How can we connect with nature? Our own selves? Family and friends?

How can we learn to connect with the flow of Life, or God, or the Universe (that trickiest of things to name because it is so immense and unnameable)?

By connecting in these ways, what do we learn?


August 2015

A Spiritual Connection
Centering, Circles and Spirals
Disconnect & Reconnect 
How to Own Your Shadow

A Spiritual Education

“People are like stained-glass windows. They sparkle and shine when the sun is out, but when the darkness sets in their true beauty is revealed only if there is light from within.” ~ Elisabeth Kubler Ross

Is there such a thing as peace or justice in a world where depression and anxiety are rampant, people are starving and people are obese, cancer, chemicals and drugs poison our cells, neighbors are isolated and mass shootings are commonplace?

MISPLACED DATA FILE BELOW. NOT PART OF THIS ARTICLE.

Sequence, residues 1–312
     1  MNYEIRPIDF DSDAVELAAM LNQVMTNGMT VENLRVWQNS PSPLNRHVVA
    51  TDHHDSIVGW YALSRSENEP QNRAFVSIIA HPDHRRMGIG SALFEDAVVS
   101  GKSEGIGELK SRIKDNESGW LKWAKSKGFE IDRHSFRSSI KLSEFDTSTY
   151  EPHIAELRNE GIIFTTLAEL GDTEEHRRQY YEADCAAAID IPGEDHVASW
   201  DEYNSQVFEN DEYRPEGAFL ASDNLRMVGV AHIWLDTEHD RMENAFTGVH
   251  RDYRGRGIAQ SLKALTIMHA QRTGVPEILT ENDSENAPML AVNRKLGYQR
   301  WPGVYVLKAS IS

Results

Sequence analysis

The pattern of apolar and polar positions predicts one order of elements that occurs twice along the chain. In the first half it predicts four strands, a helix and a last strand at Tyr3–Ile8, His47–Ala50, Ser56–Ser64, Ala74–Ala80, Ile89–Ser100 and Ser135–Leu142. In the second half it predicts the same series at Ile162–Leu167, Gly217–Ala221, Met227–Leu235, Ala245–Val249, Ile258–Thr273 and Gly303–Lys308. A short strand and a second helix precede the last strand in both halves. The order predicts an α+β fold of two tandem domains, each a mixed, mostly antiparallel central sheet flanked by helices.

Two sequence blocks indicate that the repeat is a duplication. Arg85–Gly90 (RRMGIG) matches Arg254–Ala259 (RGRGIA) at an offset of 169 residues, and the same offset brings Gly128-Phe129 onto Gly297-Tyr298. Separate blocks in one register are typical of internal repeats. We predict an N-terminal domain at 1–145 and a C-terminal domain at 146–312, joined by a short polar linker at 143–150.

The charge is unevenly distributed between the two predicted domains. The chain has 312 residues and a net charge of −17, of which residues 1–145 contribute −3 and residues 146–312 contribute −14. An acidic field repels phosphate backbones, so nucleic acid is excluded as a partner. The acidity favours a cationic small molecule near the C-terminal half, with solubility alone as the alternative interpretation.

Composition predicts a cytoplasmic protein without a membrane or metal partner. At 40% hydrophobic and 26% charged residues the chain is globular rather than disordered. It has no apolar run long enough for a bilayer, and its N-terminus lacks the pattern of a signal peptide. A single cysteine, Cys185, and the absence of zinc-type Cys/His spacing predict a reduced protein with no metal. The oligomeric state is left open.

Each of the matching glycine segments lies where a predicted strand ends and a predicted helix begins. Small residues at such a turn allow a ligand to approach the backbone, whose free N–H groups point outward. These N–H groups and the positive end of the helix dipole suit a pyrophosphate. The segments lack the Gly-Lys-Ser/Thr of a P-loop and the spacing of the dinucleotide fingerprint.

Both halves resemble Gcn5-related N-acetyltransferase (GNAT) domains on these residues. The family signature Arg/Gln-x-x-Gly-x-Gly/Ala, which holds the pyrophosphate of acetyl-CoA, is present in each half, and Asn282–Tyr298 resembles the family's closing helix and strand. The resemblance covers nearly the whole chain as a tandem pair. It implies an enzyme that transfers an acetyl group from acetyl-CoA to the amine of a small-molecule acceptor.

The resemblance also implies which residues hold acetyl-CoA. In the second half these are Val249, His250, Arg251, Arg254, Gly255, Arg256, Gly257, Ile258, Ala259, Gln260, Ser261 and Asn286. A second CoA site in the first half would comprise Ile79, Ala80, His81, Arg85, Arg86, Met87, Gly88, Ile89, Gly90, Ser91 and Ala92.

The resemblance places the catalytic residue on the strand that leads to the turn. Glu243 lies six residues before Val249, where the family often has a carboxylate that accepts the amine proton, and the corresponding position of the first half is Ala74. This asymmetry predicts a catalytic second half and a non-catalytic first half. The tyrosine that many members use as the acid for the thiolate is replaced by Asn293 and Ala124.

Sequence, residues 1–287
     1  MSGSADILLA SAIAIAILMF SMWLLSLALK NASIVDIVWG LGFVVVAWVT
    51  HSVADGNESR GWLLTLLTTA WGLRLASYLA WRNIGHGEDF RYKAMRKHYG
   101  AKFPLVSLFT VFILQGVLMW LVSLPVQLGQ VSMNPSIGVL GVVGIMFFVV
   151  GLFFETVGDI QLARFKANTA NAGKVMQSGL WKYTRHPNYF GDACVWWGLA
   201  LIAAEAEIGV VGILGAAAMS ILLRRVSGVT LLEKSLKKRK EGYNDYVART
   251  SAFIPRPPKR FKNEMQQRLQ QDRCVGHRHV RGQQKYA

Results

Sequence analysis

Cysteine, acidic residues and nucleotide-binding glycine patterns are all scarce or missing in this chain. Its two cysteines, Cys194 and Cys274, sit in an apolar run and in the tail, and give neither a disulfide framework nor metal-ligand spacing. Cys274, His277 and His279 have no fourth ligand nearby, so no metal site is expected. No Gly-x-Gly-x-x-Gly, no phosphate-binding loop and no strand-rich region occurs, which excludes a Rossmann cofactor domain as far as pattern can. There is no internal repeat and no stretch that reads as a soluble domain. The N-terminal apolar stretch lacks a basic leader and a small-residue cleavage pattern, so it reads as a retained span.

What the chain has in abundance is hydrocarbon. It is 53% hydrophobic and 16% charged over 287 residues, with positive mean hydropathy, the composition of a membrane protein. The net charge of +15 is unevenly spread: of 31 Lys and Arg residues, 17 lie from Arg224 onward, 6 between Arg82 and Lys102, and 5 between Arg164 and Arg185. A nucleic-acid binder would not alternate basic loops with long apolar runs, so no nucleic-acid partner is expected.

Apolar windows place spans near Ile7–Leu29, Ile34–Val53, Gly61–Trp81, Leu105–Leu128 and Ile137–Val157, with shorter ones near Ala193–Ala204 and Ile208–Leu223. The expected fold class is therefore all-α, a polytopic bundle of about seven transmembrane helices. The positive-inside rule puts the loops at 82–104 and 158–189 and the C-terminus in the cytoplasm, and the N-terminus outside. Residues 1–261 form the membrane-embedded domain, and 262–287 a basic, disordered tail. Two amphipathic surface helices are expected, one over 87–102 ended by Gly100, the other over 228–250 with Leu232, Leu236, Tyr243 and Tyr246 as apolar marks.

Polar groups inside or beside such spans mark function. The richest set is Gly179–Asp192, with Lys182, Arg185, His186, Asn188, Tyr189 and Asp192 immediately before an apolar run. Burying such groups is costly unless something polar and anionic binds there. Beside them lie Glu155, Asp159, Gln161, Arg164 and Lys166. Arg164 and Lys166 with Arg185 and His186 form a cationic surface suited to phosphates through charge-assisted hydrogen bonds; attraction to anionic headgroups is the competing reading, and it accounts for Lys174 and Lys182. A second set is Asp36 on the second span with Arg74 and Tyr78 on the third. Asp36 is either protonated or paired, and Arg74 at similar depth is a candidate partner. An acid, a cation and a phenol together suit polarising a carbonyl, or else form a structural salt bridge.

What if we shift our paradigm?

From independence to interdependence?
From “the greatest” to a great among greats?
From the rat race to a global community of collaborative, lifelong learners?

What if learning is a spiritual practice and process — as well as a physical, intellectual, emotional endeavor?

Here’s a simple guided meditation on our “butterfly mind” — full of thoughts, ideas, memories and plans, always fluttering away from the present. Continue reading